Hey there, time traveller!
This article was published 25/6/2014 (701 days ago), so information in it may no longer be current.
After a long, drawn out and bitterly cold winter followed by a spate of overcast, drizzly days we’ve finally been getting some decent weather. So I toss my roller blades and protective equipment into the car and it’s off to the Transcona Trail for a skate.
It’s a joy to be out on the trail where to the north,east and west I can see a panorama of ever-changing cloud formations clearly standing out against the azure sky.
To the south, the residential areas offer a contrast to the wide-open spaces. As I zip along I’m serenaded by a multitude of frogs from the ditches bordering the trail. I don’t have to travel very far before I hear the joyful twee-twee, tweedle-dee-dee of a meadowlark singing. Although I am relatively contented, my worldly woes will not allow me to match the meadowlarks’ and frogs’ sheer exuberance at being alive.
In pools of water, mallards and Canada geese probe the depths for some fresh, green shoots. The beautiful colours of the mallards glistening in the sun is a testament to the benevolence of Mother Nature and a precursor to the wildflowers impatiently waiting to spring up to greet us.
Returning home I shower, have a belated breakfast, and have a good look around my yard.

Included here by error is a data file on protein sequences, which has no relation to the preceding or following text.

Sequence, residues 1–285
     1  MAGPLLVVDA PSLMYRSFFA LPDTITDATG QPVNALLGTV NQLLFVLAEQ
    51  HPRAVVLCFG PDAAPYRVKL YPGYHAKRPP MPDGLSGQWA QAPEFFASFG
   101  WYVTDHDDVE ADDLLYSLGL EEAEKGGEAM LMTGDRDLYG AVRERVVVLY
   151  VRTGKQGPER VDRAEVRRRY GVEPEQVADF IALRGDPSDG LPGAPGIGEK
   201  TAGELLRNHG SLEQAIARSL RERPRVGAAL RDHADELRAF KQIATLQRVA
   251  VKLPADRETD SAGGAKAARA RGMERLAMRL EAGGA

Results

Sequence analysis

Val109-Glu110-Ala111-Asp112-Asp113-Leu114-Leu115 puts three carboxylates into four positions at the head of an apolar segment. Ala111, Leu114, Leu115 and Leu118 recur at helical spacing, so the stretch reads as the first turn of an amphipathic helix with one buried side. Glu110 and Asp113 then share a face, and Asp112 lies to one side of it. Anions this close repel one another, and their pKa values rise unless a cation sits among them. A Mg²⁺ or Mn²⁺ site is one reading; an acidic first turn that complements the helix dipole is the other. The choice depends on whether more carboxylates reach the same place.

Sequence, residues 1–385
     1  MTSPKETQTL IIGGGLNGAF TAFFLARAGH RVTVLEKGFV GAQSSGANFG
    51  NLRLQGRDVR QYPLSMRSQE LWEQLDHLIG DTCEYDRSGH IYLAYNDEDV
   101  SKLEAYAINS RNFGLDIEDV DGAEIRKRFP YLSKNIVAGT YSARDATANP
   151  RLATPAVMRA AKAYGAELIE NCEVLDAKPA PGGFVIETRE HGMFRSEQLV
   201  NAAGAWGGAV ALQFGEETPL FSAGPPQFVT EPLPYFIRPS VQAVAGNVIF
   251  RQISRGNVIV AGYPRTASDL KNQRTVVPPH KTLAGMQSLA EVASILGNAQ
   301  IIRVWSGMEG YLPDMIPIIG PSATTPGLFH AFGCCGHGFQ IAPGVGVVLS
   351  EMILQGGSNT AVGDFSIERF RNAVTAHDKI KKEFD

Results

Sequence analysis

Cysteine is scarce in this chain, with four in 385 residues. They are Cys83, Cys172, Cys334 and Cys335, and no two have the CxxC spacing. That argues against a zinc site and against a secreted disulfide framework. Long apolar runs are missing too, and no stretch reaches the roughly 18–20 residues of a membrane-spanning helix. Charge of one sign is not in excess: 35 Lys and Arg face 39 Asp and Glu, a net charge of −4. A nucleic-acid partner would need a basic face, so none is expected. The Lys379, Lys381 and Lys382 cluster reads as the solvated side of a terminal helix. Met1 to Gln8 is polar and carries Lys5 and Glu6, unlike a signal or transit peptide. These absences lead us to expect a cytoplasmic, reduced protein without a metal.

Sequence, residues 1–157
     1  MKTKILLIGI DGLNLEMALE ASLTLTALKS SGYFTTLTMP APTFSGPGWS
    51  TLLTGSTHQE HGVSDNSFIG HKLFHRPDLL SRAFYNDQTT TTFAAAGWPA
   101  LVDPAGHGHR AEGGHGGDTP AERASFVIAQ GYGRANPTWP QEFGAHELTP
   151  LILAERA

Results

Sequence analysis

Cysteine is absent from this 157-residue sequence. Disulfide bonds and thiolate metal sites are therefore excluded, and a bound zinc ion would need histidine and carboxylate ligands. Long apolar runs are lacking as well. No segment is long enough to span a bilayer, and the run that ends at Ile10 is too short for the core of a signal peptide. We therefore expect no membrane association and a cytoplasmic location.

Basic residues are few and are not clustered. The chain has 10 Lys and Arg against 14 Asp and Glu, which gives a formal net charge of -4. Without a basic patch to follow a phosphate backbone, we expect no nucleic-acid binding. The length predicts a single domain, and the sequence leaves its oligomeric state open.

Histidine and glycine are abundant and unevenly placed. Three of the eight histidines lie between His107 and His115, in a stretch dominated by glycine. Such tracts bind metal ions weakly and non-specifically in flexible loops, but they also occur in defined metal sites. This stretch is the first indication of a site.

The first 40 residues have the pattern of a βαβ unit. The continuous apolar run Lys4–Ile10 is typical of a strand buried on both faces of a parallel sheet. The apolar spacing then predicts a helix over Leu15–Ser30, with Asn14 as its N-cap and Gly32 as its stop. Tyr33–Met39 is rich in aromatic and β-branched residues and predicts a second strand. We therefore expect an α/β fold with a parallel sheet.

The perennials have not started to sprout, the lawn has patches of winter kill, and there’s a scruffy look about the place. It could use a good dressing up.
Fortunately, there’s a greenhouse nearby with a fine selection of flowers and plants. I pick out two colourful hanging basket arrangements and hang them on brackets in my backyard.
As soon as I have them up a huge bumblebee appears on the scene and starts probing the flowers for their nectar. Probably a queen bee looking for sustenance to give her the energy to establish a colony. Right behind the bumblebee a host of smaller wasp-like flies alight and start dining on my flowers.
The wide open spaces, the frogs, the Canada geese, the mallards, the bumblebee and the wasps confirm how lucky we are to share in such marvelous richness.
Ron Buffie is a community correspondent for Transcona. Email him at firstname.lastname@example.org